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John Farrell

John directs the Democratic Energy program at ILSR and he focuses on energy policy developments that best expand the benefits of local ownership and dispersed generation of renewable energy. His seminal paper, Democratizing the Electricity System, describes how to blast the roadblocks to distributed renewable energy generation, and how such small-scale renewable energy projects are the key to the biggest strides in renewable energy development.   Farrell also authored the landmark report Energy Self-Reliant States, which serves as the definitive energy atlas for the United States, detailing the state-by-state renewable electricity generation potential. Farrell regularly provides discussion and analysis of distributed renewable energy policy on his blog, Energy Self-Reliant States (energyselfreliantstates.org), and articles are regularly syndicated on Grist and Renewable Energy World.   John Farrell can also be found on Twitter @johnffarrell, or at jfarrell@ilsr.org.

John Farrell has 518 posts and counting. See all posts by John Farrell

14 thoughts on “Pursuing Grid Modernization In A Monopoly Model

  • Why assume the survival of the silo monopoly model? The UK, Texas, Germany, China, and India all show that splitting generation from transmission works fine and is clearly the way forward.

    • I always find it weird that “socialist” Europe is much further in liberalising the electricity market than the free-market idolising US. My guess is that in the US corporate socialism counts as capitalism.

      • Don’t forget how much cheaper electricity is in the US.

        • Max residential rate in Palm Springs (Tier 5) is -/+ 50 cents per watt (hour). In Memphis that maximum rate is 12 cents.
          Cheapest (from memory) rates are 12 cents (CA) and 4 cents (TN)

        • Do you mean:
          a) this removes the incentive to the public to make this an issue


          b) the monopoly model makes electricity cheap?

          In case you mean b): The price difference is mainly due to higher taxes and higher investments in grid infrastructure resulting in a much more reliable grid.

          Also higher electricity prices are not necessarily a bad thing. Average monthly German electricity bills are about the same as the US ones, without compromising the standard of living. So apparently these prices help to make people more efficient.

          • Don’t read too much into this, based on some chart showing average US fuel costs about half Europe’s. I just dropped it in to remind that the much maligned preoccupation with commercialisation and competition, with all its flaws often results in American price levels and a standard of living which are the envy of the rest of us.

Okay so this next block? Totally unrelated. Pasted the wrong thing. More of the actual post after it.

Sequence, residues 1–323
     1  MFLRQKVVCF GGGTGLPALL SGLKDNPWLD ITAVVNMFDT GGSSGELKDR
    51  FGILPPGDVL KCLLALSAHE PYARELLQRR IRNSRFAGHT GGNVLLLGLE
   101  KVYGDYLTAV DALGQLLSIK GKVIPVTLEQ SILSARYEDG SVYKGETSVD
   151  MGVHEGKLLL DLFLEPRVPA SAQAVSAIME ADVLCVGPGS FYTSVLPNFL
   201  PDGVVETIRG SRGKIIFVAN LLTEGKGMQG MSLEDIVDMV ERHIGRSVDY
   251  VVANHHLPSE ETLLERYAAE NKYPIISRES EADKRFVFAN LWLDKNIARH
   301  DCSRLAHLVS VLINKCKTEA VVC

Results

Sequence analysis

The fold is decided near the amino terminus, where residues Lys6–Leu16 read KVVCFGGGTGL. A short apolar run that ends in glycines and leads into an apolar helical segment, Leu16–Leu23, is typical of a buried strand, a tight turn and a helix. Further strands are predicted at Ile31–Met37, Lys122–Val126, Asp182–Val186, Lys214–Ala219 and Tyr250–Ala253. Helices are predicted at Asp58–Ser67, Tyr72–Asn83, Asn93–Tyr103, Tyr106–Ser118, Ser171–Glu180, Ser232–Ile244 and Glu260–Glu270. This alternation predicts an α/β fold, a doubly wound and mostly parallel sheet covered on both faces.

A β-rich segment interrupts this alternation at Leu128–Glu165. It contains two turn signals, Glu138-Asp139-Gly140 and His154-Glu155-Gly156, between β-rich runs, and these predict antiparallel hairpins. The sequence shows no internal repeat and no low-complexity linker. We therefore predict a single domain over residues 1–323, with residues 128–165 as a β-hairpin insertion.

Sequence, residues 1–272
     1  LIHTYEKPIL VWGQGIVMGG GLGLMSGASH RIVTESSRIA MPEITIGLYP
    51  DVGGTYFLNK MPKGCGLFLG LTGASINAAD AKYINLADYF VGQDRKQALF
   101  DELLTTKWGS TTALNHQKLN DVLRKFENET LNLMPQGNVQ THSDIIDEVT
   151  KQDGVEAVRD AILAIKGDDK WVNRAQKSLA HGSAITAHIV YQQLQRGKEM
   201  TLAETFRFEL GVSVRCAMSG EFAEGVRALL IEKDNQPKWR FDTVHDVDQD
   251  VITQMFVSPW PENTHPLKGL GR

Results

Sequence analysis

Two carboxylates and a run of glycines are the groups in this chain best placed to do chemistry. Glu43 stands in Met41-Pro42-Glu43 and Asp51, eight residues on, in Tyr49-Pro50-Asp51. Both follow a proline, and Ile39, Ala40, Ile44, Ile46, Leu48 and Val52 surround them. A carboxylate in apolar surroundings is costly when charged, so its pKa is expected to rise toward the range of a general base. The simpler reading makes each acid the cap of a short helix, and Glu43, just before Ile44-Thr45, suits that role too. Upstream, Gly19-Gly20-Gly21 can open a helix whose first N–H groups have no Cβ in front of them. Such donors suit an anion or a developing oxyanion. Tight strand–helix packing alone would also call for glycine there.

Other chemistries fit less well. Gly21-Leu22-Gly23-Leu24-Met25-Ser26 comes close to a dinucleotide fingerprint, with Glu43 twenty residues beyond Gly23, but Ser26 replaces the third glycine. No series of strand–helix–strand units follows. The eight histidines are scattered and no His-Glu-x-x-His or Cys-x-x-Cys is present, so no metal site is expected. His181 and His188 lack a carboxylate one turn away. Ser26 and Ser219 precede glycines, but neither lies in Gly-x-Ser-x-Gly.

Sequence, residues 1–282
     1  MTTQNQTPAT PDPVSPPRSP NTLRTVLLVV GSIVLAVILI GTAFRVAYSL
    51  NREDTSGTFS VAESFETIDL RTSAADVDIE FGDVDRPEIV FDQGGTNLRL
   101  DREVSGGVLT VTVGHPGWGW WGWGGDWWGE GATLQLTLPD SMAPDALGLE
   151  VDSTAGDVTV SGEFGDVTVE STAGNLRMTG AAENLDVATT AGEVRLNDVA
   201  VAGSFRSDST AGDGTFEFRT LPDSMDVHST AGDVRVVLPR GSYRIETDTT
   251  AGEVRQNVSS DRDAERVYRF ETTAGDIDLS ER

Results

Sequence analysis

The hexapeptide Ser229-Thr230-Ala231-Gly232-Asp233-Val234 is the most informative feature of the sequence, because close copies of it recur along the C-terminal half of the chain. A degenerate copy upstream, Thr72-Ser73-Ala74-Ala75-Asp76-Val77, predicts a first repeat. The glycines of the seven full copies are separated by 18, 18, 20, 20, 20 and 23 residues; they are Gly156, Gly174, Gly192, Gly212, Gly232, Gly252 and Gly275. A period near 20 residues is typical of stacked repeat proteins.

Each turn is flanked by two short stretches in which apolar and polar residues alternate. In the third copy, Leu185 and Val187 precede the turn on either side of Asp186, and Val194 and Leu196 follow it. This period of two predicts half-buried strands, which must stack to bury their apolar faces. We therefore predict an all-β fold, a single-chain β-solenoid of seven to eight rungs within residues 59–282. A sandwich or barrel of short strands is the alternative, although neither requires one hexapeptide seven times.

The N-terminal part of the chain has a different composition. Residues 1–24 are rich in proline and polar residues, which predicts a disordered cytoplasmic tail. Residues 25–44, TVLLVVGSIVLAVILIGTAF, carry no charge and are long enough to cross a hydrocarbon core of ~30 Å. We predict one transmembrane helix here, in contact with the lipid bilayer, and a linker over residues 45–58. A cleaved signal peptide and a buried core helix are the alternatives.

• Sorry, am am not envious. I am very happy with my European affordable health care, well taken care off infrastructure, affordable education etc.

          • Europe is a very varied continent .

      • There are a few countries around that have governments whose primary purpose is to take care of the people and they do it with great facility. At least if you compare their results to others. Two are in Scandinavia. They do studies that aren’t funded by those with financial interest in the studies’ stories. They spend a lot of time analyzing their social systems to make them both productive and cost effective. Recidivism rates in jails is less than 10%. Not 90% (USA after 3 years)
        Teachers are trained, paid and respected more than lawyers or public administrators. Students get individual attention and the results after a generation make most other systems look weak or obsolete. I could go one but these are socialist programs. They exist without impeding the capitalist culture in the land. They are both tools of government that have to be applied in everyone’s best interest, according to a mercurial situation. They’ve figured that out, we haven’t.

        (They pay more taxes, live longer, travel internationally more, and are far healthier)

  • “How can a state modernize its electric system when it’s in the hands of vertically integrated monopolies? ”

    By fiat, of course. Monopoly utilities exist at the beck and call of legislatures and the Executive branch. And, lest we forget, they received monopoly status because they are chartered to act in the public interest.

    When we have utility monopolies working against the public interest, ie, working against renewables – they have broken their contracts. They should be dissolved, ie, made property of the state, nationalized, whatever. Sooner or later they will be begging for it anyway, as they will have too much stranded fossil fuel assets, too many fleeing shareholders, and not much value to anybody.

    • That about nails it, I’d add (that) their long term debt and other financial responsibilities make them as attractive as Greece. SoCalEdison has at least one Nuclear reactor it just borrowed and spent a few $100 million on, (twice, still didn’t work) and now are spending untold thousands on estimates, of how much it’s going to cost to rid the beach of it’s presence. We’re still paying a monthly stipend to cover what was stolen during the Enron scandal. Would you buy a used car from these people?

    • Problem is of course your political system with legalised corruption in the form of campaign contributions. Legislators tend to defend the status quo, because they get money to do so.

      • This is why I keep talking about it. Even Tea Partiers get pissed off when they see Republican policy against PV incentives.

        Government has a legitimate and major role to play in the development of our energy future and that needs to be shouted repeatedly – even here at CleanTechnica as most commenters – and at times the authors as well – seem trained by neocon policy that corporations and the “free” market are the only answer.

        • The thing is that having a a vertically integrated monopoly in the hands of a commercial party has little to do with free-markets but also little to do with having the people (by means of the government) decide over the energy future.